Unit 1: Measuring Success: Profits Or People?

“We measure success by the way we touch the lives of people” (Chapman, 2012).

This was the vision of leadership or Guiding Principles of Leadership for Barry-Wehmiller, a manufacturing technology company. In 2009, amidst an economic recession, Barry-Wehmiller needed to review ways in which the company could save money to offset the 40% decline in new equipment orders they were experiencing for the year (Chapman, 2012). Upon consideration of their Guiding Principles, CEO, Bob Chapman took time to consider, “What would a caring family do when faced with a crisis” (Chapman, 2012)? “In the 1900’s layoffs, ‘downsizing’ became a popular catch phrase” (Chapman, 2012). While a business norm or fallback when under financial duress, Chapman elected for a more ethical universalism approach.

Ethical universalism is essentially considered to be choosing, “the lesser of two evils” (PSY 533, 2018). “If we adopt the principle of universality: if an action is right (or wrong) for others, it is right (or wrong) for us” (Chomsky, 2002). Barry-Wehmillers’ meta-ethics, or a standard one (organization) needs “…of what is right or wrong before one can act in a manner that either aligns with or violates those standards” (PSY 533, 2018) has been laid out as a bench of all conduct and ethical decisions company-wide in their Guiding Principles. The meta-ethical position of a universal ethic is “for all similarly situated individuals” (Kemerling, 2011) regardless of any discriminatory features as outlined by the U.S. Equal Employment Opportunity Commission (Gowans, 2008). The thousands of individuals that comprise Barry-Wehmiller and the universalism centered Guiding Principles led Bob Chapman to implement a crises plan centered on shared sacrifice. The team designed a furlough program in which all members of the organization would share the burden to make up for lost profits, not through layoffs, but rather a furlough program of four weeks unpaid time off per employee.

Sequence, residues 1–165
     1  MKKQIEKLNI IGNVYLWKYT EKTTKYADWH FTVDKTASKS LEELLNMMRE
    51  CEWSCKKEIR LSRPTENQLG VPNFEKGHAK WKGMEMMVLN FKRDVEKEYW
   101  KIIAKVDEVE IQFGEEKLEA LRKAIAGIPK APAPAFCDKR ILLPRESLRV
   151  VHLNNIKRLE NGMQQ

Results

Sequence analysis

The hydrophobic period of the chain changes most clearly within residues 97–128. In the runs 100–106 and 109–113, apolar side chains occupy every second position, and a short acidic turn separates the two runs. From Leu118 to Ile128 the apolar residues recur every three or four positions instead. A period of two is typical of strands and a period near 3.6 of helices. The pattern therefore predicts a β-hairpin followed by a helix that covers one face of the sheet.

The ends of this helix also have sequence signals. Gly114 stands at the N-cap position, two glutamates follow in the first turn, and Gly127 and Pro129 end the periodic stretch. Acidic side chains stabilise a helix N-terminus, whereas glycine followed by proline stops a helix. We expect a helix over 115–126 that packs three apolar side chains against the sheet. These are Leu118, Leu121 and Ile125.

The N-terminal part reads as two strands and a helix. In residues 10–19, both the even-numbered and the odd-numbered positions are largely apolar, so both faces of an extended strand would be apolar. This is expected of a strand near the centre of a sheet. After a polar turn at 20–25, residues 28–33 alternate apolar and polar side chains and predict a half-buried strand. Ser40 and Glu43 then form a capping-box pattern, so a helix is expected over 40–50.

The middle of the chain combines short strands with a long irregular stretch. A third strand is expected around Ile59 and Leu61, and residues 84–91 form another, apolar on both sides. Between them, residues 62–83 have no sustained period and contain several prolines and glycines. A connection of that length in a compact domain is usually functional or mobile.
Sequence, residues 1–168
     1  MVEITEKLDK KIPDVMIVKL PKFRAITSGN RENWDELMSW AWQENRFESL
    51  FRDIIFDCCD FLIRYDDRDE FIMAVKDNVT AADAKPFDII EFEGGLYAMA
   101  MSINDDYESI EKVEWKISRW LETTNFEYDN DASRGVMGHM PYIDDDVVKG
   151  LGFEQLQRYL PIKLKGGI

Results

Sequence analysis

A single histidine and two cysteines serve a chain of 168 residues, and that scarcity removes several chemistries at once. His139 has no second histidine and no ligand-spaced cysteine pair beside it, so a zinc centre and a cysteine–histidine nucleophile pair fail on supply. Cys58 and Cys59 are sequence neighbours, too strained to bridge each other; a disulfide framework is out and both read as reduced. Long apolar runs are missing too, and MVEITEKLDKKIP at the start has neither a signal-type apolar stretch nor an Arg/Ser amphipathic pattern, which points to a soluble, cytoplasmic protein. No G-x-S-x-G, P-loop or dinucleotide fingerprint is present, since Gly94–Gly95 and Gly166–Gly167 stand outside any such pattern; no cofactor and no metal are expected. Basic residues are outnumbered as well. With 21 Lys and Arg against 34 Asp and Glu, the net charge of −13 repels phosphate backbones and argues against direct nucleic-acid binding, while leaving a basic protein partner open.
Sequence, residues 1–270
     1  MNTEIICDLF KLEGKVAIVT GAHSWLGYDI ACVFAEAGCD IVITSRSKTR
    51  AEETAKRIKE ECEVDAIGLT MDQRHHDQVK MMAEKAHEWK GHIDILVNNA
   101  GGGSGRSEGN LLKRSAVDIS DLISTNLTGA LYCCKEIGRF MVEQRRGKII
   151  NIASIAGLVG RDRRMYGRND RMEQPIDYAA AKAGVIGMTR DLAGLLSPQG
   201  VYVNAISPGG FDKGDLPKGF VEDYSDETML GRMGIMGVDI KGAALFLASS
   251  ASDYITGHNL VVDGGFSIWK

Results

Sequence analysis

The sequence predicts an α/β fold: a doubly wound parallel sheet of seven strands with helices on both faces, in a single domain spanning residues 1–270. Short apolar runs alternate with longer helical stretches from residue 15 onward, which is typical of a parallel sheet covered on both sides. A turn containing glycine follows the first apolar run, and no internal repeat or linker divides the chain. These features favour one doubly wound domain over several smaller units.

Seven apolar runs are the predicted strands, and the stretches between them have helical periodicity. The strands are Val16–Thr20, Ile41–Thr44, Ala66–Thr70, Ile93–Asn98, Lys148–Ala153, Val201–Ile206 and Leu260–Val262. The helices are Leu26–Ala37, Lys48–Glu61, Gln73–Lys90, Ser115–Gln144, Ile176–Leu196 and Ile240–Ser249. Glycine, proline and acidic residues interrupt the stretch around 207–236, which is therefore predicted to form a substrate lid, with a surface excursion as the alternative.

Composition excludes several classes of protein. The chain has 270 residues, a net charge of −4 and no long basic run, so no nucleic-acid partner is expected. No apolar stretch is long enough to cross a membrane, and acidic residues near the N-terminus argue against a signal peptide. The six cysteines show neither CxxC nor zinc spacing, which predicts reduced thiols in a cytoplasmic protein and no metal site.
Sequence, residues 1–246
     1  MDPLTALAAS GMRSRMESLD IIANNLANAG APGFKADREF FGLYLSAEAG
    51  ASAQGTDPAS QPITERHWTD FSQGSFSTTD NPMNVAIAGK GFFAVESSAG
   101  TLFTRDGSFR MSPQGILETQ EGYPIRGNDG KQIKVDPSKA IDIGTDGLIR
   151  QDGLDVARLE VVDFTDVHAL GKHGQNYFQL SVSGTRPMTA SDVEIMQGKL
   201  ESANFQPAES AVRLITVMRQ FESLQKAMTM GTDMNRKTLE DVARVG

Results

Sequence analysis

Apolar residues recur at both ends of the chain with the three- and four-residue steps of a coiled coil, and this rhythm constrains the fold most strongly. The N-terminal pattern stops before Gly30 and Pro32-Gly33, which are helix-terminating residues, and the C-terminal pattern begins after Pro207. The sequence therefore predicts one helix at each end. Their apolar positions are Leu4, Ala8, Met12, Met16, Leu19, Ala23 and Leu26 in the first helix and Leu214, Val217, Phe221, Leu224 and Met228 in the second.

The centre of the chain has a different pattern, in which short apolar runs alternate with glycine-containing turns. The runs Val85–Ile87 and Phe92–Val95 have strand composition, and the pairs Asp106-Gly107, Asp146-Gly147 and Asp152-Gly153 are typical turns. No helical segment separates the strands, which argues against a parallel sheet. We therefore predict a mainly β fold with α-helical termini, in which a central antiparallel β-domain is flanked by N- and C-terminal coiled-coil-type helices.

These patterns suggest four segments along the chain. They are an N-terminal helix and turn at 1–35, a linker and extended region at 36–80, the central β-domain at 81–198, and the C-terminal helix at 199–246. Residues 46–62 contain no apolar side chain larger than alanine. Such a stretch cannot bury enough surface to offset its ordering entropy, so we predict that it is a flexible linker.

In this situation, the organization found a way to take “the lesser of two evils” (PSY 533, 2018) (furlough vs layoffs) via ethical universalism keeping their meta-ethics, or Guiding Principles, in the forefront of their decision making method. This leadership with ethical resolution for the group as a whole trickled down to team members resulting in intense feelings of association and loyalty to a company that cared about their individual interests in addition to the financial interests of the organization. To CEO Bob Chapman, decisions center on heart-counts more than headcounts.